I’ve written about Bowie before on this blog, and I make no apology for doing so again. For precisely one week ago I visited the David Bowie is exhibition at London’s V&A and was once again transported by his words and music.
The things that most stand out for me from this exciting showcase of Bowie’s work through sound, video, personal diaries, notes and costume, is the musician’s constant assertion that there is no authorial voice in his creations. Major Tom, Ziggy Stardust, Aladdin Sane, the Thin White Duke and other of his performance personae seem deliberately to negate the identity of the performer. And looking at his most recent album cover there is no image at all of Bowie, just a plain white square over the photo.
There is something important in this negation of the authorial voice. Something which gives greater life and vibrancy to the musical and artistic creation perhaps. Or which simply causes the fans to scream more loudly, so difficult to tolerate is the idea that the person performing is simply a beautiful and tantalising illusion.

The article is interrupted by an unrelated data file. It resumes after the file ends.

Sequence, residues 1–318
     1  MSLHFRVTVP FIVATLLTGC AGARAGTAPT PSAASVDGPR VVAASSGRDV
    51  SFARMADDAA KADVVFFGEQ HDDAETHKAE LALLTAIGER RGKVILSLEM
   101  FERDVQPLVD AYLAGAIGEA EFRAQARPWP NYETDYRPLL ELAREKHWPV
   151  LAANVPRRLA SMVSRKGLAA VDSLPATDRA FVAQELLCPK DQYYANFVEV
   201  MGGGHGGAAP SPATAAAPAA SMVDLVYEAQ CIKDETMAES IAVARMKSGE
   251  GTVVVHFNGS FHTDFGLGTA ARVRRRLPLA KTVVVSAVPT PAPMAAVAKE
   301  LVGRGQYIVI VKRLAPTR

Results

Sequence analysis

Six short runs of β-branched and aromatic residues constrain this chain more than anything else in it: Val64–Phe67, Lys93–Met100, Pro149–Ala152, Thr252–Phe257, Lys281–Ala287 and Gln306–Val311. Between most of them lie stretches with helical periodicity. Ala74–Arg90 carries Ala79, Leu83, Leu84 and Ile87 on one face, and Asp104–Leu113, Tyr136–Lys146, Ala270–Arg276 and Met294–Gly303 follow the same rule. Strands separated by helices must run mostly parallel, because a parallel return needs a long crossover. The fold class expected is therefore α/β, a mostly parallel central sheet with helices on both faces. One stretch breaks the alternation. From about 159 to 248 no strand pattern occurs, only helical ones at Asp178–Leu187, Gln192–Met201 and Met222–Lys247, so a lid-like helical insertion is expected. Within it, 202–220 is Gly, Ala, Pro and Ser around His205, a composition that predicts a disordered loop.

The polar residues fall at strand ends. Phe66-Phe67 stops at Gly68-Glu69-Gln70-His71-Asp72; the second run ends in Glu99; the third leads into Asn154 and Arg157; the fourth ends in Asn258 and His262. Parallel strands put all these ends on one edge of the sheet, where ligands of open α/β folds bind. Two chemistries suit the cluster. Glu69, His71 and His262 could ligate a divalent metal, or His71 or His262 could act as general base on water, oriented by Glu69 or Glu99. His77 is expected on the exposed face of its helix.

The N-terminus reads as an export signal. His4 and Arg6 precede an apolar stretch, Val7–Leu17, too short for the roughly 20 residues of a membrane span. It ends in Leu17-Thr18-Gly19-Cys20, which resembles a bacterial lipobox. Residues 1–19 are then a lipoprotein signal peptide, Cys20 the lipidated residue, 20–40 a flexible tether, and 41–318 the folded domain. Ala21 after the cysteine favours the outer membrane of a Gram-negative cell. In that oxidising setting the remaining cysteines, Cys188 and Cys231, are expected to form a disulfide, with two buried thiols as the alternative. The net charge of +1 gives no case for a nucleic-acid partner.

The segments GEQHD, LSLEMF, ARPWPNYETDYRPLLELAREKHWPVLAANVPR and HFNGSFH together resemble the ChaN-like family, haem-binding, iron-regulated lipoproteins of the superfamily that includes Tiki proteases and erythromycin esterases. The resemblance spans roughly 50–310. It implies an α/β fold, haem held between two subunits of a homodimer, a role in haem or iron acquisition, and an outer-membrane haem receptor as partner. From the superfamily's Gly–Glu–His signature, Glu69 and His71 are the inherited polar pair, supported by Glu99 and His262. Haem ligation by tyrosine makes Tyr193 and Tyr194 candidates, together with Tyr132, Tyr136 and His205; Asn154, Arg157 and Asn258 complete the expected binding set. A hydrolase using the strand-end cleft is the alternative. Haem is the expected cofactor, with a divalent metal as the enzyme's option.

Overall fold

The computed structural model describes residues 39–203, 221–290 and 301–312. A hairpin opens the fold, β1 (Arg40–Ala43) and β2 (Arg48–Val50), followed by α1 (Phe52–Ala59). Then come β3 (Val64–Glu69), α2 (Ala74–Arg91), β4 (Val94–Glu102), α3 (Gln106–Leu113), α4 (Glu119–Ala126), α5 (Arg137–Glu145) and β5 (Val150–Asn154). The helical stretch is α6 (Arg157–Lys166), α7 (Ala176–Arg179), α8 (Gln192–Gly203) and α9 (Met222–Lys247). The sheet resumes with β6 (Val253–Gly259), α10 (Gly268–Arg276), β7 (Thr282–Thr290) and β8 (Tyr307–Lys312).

The next important thing is Bowie’s approach to song-writing, his chopping up of words and phrases and random rearrangement of them, or his ability to capture lyrics in their entirety, in one take on the page, so the words we read are the words we hear. Surrealist chance or surreal imagination? A combination of the two.
Self-negation, illusion, chance and imagination. A potent mix. A vibrant creative recipe.